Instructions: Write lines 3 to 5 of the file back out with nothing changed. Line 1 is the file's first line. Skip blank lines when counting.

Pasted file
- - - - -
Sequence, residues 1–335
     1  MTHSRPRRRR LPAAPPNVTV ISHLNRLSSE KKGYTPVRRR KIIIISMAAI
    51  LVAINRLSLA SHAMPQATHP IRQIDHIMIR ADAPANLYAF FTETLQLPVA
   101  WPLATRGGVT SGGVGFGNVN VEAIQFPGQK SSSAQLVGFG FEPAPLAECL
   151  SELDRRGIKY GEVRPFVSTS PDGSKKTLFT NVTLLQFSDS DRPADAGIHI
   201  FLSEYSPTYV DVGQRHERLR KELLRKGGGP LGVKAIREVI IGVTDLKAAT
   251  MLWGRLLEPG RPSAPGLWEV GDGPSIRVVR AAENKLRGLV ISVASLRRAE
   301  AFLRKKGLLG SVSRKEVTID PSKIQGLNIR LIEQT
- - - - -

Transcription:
    51  LVAINRLSLA SHAMPQATHP IRQIDHIMIR ADAPANLYAF FTETLQLPVA
   101  WPLATRGGVT SGGVGFGNVN VEAIQFPGQK SSSAQLVGFG FEPAPLAECL
   151  SELDRRGIKY GEVRPFVSTS PDGSKKTLFT NVTLLQFSDS DRPADAGIHI